Proper nutrition for your Baby

Proper nutrition for your Baby

Feeding your newborn:

New parent tips

The eating habits of newborn infants are unpredictable. Here’s what to feed your baby, when to feed it, and how to feed it.

By cheerymom Personnel:

Feeding an infant is a 24-hour commitment. It’s also an opportunity to begin bonding with your family’s newest member. Consider the following guidelines for feeding a newborn:

1. Continue to feed your baby breast milk or formula.

With rare exceptions, breast milk is the optimum meal for infants. Infant formula should be used if breastfeeding is not possible. Cereals, water, juice or other liquids are not required for healthy children.

2. Feed your newborn when he or she is ready.

Most babies need eight to twelve feedings a day, about one every two to three hours.

Early signals of readiness to feed include hand movement toward the mouth, sucking on fists and fingers, and lip smacking. Later indications include fidgeting and weeping.

The sooner each feeding begins, the less likely you will need to calm a distressed baby.

When your baby stops sucking, closes his or her lips, or averts his or her gaze away from the nipple or bottle, he or she may be full—or simply taking a break. Burp your baby or wait a minute before reintroducing your breast or bottle.

As your child gets older, he or she may drink more milk in a shorter amount of time with each feeding.

3. Vitamin D pills .

Consult your baby’s doctor about vitamin D supplements for infants, particularly if you are breastfeeding. Breast milk may be deficient in vitamin D, which aids in the absorption of calcium and phosphorus—elements important for strong bones—by your infant.

4. Prepare the mother for fluctuations in the eating habits of a newborn.

Your newborn will not always consume the same amount of food on a daily basis. During growth spurts, which typically occur two to three weeks after delivery, your newborn may take more at each feeding or need more frequent feedings. Rather than keeping a rigorous eye on the clock, respond to early symptoms of hunger.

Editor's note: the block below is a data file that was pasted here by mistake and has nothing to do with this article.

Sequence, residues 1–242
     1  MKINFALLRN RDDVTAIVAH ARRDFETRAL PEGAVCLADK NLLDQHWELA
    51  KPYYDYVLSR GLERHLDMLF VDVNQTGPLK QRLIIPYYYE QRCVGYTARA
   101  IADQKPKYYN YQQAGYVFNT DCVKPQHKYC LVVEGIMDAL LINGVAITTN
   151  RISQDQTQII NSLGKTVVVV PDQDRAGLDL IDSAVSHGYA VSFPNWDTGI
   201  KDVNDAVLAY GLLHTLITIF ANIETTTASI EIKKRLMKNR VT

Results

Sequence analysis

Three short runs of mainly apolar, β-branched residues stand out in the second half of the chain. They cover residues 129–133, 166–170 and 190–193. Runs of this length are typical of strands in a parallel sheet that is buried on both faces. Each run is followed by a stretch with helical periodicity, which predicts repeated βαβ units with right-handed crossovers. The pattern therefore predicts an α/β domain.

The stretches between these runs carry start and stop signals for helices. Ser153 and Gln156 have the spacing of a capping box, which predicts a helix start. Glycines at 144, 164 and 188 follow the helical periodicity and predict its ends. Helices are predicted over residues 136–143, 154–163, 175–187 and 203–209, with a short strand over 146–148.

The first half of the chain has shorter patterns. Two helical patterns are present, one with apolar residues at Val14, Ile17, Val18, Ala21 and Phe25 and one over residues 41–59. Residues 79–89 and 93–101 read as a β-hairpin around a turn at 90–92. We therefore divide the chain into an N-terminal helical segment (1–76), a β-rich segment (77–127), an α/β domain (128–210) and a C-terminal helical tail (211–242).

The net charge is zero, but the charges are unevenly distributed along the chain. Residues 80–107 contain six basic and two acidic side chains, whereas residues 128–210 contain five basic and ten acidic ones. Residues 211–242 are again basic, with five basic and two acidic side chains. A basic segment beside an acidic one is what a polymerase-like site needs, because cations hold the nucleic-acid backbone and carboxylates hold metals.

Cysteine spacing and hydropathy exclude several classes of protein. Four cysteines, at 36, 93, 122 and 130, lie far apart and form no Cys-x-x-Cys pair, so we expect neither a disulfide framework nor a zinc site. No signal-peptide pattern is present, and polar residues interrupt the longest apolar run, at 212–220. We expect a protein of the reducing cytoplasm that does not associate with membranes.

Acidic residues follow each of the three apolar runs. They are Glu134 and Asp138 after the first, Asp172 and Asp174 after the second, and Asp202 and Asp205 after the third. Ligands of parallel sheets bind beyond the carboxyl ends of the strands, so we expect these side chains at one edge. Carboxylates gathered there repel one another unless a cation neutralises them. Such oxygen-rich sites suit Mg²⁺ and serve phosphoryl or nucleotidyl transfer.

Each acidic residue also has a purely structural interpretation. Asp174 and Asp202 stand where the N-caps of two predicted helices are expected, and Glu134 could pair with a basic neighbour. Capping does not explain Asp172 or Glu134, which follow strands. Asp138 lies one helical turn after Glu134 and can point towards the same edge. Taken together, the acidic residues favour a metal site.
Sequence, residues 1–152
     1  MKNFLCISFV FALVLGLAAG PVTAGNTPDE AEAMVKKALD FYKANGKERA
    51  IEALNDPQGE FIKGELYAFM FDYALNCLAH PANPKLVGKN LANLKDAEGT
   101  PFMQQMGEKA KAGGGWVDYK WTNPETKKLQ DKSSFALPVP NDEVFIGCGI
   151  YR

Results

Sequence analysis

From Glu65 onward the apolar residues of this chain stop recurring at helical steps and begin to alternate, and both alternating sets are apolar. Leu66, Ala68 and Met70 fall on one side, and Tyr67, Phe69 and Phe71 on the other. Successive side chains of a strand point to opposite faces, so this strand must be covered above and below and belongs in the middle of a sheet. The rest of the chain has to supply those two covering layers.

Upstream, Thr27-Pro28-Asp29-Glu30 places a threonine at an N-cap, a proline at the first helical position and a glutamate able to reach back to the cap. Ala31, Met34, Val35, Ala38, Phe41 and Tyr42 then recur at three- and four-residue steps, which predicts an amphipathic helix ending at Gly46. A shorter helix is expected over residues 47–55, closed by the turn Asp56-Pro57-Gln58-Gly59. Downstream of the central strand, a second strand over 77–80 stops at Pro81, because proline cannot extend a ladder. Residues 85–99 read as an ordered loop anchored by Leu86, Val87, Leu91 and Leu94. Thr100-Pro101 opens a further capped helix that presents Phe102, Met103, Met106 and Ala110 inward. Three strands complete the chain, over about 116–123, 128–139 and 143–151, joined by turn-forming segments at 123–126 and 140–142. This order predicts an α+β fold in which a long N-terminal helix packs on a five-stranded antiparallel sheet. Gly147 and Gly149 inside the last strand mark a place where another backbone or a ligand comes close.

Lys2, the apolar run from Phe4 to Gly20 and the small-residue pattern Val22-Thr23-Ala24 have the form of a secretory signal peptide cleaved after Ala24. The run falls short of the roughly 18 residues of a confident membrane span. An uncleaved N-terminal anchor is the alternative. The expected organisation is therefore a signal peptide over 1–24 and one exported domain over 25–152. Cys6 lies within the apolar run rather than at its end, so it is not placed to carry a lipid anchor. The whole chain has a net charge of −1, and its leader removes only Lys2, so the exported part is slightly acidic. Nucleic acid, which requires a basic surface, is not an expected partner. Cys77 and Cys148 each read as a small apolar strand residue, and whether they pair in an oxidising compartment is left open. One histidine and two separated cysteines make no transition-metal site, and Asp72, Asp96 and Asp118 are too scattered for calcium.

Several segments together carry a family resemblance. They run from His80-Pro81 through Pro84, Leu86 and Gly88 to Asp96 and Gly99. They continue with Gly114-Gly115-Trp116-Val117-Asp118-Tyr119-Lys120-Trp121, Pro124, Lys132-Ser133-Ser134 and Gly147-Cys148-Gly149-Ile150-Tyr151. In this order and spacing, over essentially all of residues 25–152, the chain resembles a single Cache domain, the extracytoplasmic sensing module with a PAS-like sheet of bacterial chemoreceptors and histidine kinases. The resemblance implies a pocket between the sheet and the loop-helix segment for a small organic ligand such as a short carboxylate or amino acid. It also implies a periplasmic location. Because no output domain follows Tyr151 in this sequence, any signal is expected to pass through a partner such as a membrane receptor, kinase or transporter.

5. Trust your instincts—and those of your newborn.

You may be concerned that your newborn isn’t eating enough, but babies typically understand just how much they require. Concentrate on the quantity, frequency, and consistency of your newborn’s feedings. Rather than that, look for:

Weight gain that is consistent

Satisfaction between feedings:

At least six wet diapers and three or more bowel motions per day by the fifth day after birth.

Consult your doctor if your newborn is not gaining weight, is wetting fewer than six diapers each day, or is uninterested in feedings.

6. Make every feeding an opportunity to bond with your baby.

Maintain close contact with your newborn throughout each feeding. Take the time to look him or her in the eye. Speak in a kind tone of voice. Each time your baby eats, use it to help him or her build a sense of security, trust, and comfort.

7. Maintain a consistent feeding schedule.

If other family members or caregivers will be feeding your baby for a portion of the day, ensure that they follow the same feeding patterns and practices that you use.

8. Recognize when it is necessary to seek assistance.

If you are experiencing difficulty breastfeeding, seek assistance from a lactation consultant or your baby’s doctor, particularly if each feeding is unpleasant or your baby is not gaining weight. If you haven’t worked with a lactation consultant before, ask your baby’s doctor for a referral or contact a local hospital’s obstetrics department.

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